This is the peculiar story of the land transactions, disputes, and incidents that led to the establishment of Bryson City and the construction of its first jail.
This town was a village named Charleston before it became Bryson City in 1889. Before that it was a tract of land known as Big Bear’s Reserve, which was itself located in the same general area as the old Cherokee village of Tuckaleechy Town (Tuckoritchie) that had been ravaged by General Grant’s British expeditionary force in 1761.
Big Bear (Yanegwa or Yonah) was a Cherokee chief who lived in the area where Bryson Branch empties into the Tuckaseigee from the north. “Big Bear’s spring” is located at the foot of the road leading over Coalchute Hill to the old Singer Plant. “Big Bear’s ford” was used into modern times. It’s located on the west side of the bridge. “Big Bear’s canoe landing” was in the immediate area.
According to James Mooney, “(Big Bear) was among the signers of the treaties of 1798 and 1805, and by the treaty of 1819 was confirmed a reservation of 640 acres as one of those living within the ceded territory who were ‘believed to be persons of industry and capable of managing their property with discretion,’ and who had made considerable improvements on the tracts reserved.” The mile-square tract apparently included most of the flat land on both sides of the river west of the mouth of Deep Creek; that is, the central portion of present Bryson City.
Big Bear was ceded his reserve in early 1819. Later that same year, he signed a deed for the land, giving it over to a white man named Darling Beck. That’s when the trouble started.
In a 1959 Asheville Citizen-Times article titled “Indian Twice Sold Land That Is Now Bryson City” (subsequently republished in Lillian Thomasson’s 1964 history of Swain County), Karl Fleming related, “History has it that Beck, who evidently was no darling, plied Big Bear with giggle-water and got his signature on a deed which exchanged the land for a promise of $50. Big Bear claimed he never got the money and about a year later, on November 25, 1820, he deeded his 640 acres of land to John B. Love in return for a wagon and a team of horses. Love immediately took possession of the land and Beck responded by filing in the courts a suit of ejectment. The court ruled that Beck was legal owner of the land and Love appealed to the State Supreme Court, which upheld the lower court decision in its December sitting in the year 1834.
“Not satisfied with this, Love filed suit on October 13, 1835, against the widow of Beck, who had, in the meantime expired. Love’s suit was a suit in equity, whereas Beck’s suit had been an action at law in ejectment. The distinction between actions at law and suits in equity was not abolished in North Carolina until the state adopted its present constitution in 1868.
“Love attempted to show that Beck and Big Bear had rescinded their trade and that he was the rightful owner of the mile square. (The court ruled that Love was entitled to the property as his was the superior title.) In 1841, Love, who, it will be remembered, came into possession of the land for a wagon and a brace of mules, turned a tidy profit by selling the tract to John Shuler for $2,500.”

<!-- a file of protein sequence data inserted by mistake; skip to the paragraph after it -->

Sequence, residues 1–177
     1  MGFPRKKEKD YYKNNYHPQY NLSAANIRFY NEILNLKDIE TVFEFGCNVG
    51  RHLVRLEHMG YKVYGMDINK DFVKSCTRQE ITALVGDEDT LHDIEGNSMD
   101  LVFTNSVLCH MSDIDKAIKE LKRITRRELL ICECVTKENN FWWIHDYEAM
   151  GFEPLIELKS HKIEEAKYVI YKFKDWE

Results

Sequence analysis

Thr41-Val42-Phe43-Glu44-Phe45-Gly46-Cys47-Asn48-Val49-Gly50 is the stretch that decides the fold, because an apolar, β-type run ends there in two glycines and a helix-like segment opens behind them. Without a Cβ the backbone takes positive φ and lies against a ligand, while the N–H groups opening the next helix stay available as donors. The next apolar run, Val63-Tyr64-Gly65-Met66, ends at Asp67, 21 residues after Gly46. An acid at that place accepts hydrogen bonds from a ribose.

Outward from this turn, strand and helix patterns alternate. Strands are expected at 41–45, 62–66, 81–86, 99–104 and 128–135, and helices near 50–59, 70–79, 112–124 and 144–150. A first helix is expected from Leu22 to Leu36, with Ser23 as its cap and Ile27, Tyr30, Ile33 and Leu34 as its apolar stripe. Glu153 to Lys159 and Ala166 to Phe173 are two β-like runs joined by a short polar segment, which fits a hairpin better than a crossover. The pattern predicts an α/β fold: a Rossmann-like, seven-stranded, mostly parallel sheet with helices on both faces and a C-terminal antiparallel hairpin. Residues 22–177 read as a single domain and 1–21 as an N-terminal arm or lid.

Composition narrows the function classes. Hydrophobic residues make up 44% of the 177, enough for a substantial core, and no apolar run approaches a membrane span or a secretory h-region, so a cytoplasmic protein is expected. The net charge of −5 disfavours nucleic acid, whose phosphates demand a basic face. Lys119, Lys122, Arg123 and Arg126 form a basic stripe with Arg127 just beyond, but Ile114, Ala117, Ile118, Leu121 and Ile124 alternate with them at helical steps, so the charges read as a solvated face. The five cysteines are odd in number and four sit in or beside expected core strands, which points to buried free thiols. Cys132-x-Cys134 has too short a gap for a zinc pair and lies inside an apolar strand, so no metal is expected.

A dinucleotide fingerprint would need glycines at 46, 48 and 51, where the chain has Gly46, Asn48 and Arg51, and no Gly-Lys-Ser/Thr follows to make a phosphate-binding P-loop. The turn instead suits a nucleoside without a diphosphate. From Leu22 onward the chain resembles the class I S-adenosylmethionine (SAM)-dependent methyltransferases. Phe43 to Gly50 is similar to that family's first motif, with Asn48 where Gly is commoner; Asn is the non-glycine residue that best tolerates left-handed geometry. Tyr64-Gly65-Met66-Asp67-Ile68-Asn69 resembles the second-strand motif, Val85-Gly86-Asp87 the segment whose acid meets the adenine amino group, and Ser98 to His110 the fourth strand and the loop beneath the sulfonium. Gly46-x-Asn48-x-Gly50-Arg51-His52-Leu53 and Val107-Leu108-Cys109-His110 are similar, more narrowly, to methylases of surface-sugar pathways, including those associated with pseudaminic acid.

Portions of this land were subsequently owned by members of the Burns, Bryson, and Cline families before being deeded to form Charleston, the county seat of Swain County, in 1871. The village was not incorporated until 1887, two years before the name was changed to Bryson City in order to avoid confusion over mail that was mistakenly being sent to the larger city in South Carolina.
Tuckoritchie. Tuckaleechy Town. Big Bear’s Reserve. Charleston. Bryson City. All the same place. For the most part it’s been a quiet place. The jail our first citizens constructed encouraged peace and tranquility. The following description was provided by Wilbur G. Zeigler and Ben S. Grossscup in The Heart of the Alleghanies or Western North Carolina (1883).
“The old, frame court-house has its upper story used as a grand jury room, and its lower floor … holds the jail. The dark interior of the ‘cage,’ used for petty misdoers, can be seen under the front outside stairs, through a door with barred window. An apartment fitted up for the jailer is on the same floor, and, by a spiked, open slit, about six inches by two feet in dimensions, is connected with the `dungeon.’ For its peculiar purposes this dungeon is built on a most approved pattern. It is a log room within a log room, the space between the log walls filled up with rocks. It is wholly inside the frame building. Besides the opening where the jailer may occasionally peek in, is another one, similar to that described, where a few pale rays of daylight or moonlight, as the case may be, can, by struggling, filter through clapboards, two log walls, spikes, and rocks, to the gloomy interior. A pad-locked trapdoor in the floor above is the only entrance. The daily rations for ye solitary culprit, like all blessings, come from above — through the trapdoor. Here, suspected unfortunates of a desperate stripe awaiting trial, and convicted criminals, biding their day of departure for the penitentiary or gallows, are confined in dismal twilight, and in turn are raised by a summons from above, and a ladder cautiously lowered through the opening in the floor.”